Before I begin, I’d like to thank my dear friend and mentor, Diane Awbrey, for encouraging me two years ago to venture on this blog project.
As you may know, I’ve been a student at Gordon-Conwell Theological Seminary the past year and half, with one more semester until I graduate with an M.A. in Spiritual Formation. Over this Christmas break and J-term, I realized that I have not consciously practiced any spiritual disciplines – not only in my seminary career but in my entire life. Ironically, I’ve gotten so caught up reading about ways to deepen my relationship with Christ that I’ve neglected to actually put into practice what I’ve learned. I’ve fangirled over the Christian mystics, monks, and nuns I’ve learned about because of the ways they practiced daily, deep reverence of God, but I have regretfully declined participating in the kinds of spiritual disciplines they lived every day. Why? I think it’s because spiritual disciplines take hard work and endurance. Enduring in hard work is not my strong suit; it hasn’t been since I was a young girl.
I have a vivid memory in the first grade of picking up the class coloring book during recess, examining each fanciful picture and deciding which to invest in. I remember choosing a coloring page with a dinosaur on it; I began coloring the dinosaur purple and green (I’m sure Barney would be proud), but then I got bored. The dinosaur failed to deliver coloring fun, so I did the unthinkable: I left it unfinished and turned the pages until I found a picture I liked better (sorry, Barney). I thought my class infraction would go unnoticed; however a few days later, another classmate was flipping through the coloring book, and with grief and anger on his face, he called out to the teacher, “Mrs. Aills! Someone didn’t finish this coloring page!” I never revealed my identity because, frankly, that classmate frightened me anyways – even when he wasn’t angry.
Fast forward about twenty years, and this tendency of un-finishing has prevailed in me, especially when it comes to spiritual disciplines. While I’ve sporadically practiced Sabbath, I’ve never dived fully into weekly pools of rest. While I think practicing Examen is a grand idea, I often watch Netflix before bed instead of reflecting with God about my day. My desire is not met by discipline. In this realization, I’ve felt the Holy Spirit gently drawing me to live into spiritual disciplines, believing what is stated in the Live Dead: The Journey devotional,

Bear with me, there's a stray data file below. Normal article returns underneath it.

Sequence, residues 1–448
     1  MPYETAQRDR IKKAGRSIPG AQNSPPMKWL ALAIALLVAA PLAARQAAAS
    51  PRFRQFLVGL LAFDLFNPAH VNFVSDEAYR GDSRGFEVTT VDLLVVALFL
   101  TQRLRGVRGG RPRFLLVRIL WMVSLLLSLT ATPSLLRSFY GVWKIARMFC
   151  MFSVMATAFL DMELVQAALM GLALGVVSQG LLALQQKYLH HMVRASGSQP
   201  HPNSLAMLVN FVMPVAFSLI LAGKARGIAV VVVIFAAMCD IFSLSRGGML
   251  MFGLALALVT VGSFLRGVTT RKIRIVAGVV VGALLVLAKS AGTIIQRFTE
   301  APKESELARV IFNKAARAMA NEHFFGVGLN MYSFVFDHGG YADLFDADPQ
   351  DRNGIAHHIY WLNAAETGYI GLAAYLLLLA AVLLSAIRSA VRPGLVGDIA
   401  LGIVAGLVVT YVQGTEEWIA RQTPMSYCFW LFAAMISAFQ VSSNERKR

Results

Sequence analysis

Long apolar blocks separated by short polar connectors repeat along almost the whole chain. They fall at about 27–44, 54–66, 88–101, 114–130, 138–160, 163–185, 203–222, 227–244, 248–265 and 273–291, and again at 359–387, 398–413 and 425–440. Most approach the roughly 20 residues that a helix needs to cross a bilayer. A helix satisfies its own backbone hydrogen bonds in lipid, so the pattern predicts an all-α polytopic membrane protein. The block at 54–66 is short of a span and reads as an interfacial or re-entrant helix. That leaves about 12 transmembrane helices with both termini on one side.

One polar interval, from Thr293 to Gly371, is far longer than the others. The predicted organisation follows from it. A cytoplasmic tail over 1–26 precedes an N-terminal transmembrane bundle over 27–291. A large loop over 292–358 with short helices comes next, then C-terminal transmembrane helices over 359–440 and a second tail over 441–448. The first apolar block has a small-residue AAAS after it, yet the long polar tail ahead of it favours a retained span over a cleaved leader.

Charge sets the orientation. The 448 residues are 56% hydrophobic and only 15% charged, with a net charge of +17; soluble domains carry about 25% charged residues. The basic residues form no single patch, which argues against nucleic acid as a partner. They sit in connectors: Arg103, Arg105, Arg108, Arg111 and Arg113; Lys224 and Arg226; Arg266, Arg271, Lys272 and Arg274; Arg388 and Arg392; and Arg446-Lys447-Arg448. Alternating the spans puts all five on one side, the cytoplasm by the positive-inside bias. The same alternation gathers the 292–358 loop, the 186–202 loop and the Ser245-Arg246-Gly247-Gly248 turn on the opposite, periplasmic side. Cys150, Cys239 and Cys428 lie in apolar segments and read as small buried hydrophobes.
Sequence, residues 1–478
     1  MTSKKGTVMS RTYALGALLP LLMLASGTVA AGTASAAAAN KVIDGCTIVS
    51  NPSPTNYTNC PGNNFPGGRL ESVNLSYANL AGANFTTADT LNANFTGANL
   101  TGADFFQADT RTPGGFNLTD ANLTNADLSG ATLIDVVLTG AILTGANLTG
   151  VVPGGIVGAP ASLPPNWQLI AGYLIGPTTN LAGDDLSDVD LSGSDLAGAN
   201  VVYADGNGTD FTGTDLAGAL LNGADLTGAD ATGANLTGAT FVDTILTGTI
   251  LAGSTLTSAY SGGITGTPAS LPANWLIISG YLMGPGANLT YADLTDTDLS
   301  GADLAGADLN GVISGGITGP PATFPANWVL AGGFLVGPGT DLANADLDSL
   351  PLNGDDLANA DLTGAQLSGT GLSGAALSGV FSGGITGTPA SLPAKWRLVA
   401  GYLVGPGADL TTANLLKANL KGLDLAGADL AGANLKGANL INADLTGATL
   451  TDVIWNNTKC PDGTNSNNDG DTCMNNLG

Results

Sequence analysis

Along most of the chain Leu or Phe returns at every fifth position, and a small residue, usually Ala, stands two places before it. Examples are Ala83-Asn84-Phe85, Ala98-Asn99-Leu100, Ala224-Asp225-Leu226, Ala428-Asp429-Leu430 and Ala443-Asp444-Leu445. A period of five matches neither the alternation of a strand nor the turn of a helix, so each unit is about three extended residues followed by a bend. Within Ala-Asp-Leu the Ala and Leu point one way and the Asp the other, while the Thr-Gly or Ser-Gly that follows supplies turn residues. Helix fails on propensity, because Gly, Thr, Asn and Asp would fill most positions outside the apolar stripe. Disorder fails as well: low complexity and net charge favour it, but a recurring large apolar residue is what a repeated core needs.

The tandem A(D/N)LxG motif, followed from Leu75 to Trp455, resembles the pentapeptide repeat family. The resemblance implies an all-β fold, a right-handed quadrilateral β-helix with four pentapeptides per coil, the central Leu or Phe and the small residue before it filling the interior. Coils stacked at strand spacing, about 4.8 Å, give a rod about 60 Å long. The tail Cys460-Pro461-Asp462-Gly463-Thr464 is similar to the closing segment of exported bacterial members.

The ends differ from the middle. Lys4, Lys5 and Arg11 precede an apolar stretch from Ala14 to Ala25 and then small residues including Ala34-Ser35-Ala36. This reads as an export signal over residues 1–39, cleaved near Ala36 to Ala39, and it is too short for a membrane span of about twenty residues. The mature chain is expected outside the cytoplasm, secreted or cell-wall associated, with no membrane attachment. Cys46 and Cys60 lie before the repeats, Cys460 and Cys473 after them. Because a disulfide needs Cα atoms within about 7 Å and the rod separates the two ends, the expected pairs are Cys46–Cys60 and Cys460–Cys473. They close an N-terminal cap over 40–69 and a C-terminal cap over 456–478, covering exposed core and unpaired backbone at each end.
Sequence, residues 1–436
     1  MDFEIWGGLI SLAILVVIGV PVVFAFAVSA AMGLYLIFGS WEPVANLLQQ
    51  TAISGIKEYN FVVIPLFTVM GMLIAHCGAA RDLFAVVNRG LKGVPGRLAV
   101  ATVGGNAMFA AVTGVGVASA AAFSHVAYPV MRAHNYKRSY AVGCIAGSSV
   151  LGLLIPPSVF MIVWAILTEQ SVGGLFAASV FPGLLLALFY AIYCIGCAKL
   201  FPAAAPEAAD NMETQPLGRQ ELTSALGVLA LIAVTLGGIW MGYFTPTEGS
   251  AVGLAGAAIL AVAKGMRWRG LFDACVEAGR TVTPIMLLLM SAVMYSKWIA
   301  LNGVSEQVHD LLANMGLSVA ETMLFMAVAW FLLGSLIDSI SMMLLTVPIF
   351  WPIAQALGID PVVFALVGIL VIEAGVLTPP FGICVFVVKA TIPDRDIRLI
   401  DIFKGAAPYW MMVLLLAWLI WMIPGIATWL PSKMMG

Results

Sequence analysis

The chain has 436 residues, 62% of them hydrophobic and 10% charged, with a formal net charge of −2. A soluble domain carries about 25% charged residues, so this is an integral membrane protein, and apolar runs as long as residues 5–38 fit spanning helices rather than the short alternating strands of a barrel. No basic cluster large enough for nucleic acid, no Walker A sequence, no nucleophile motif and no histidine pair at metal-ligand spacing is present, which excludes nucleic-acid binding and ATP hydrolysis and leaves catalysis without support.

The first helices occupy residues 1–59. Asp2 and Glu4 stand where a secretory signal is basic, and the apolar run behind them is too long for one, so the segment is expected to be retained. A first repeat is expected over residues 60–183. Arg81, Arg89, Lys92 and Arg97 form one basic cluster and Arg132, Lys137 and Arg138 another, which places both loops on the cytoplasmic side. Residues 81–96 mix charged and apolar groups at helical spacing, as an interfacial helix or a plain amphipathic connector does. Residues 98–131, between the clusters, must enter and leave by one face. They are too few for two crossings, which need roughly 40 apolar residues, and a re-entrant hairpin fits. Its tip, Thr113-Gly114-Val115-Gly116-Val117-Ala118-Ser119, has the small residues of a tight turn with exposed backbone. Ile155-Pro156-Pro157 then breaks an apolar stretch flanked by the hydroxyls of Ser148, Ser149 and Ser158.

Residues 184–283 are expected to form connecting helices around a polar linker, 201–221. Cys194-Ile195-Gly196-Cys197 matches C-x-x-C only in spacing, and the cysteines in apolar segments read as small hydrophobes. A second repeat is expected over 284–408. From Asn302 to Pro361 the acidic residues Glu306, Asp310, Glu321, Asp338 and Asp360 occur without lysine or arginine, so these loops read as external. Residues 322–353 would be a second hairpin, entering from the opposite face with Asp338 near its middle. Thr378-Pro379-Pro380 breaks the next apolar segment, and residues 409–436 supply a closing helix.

So, I’ve decided that the time is now to practice a new spiritual discipline each week, using Adele Ahlberg Calhoun’s Spiritual Disciplines Handbook: Practices that Transform Us as my helpful guide. And per Diane’s advice, I will be writing about my experience with each practice, inviting you to discover spiritual disciplines you may have never heard of – maybe ones you’ll choose to try in your own life. I plan to continue this journey through the duration of my final semester at seminary, challenging myself to actually live the major I chose to study. After all, what is my spiritual formation study if I’m not being spiritually formed myself?
Among some of Calhoun’s listed spiritual disciplines (she’s written descriptions for 75 of them), I’ve made a list of ones I’ve been drawn to – whether that’s by familiarity, personal curiosity, or nervousness. “What will they be?” you may ask. “Time will tell,” I reply. In the weeks to come, you’ll be sure to witness my honest thoughts about each that I practice. And, warning, it may take awhile before discipline turns to delight. I hope to share with you my struggles with these disciplines – opening the window to my heart so you can authentically see what’s going on.
Through this process, this ‘spiritual discipline sampler,’ my chief goal is for us to experience God together in a deeper & truer way, that through learning about spiritual disciplines, we can truly ‘nestle closer to God’s heart.’ I invite your comments and thoughts throughout this journey.
One hint: “You’ll see!”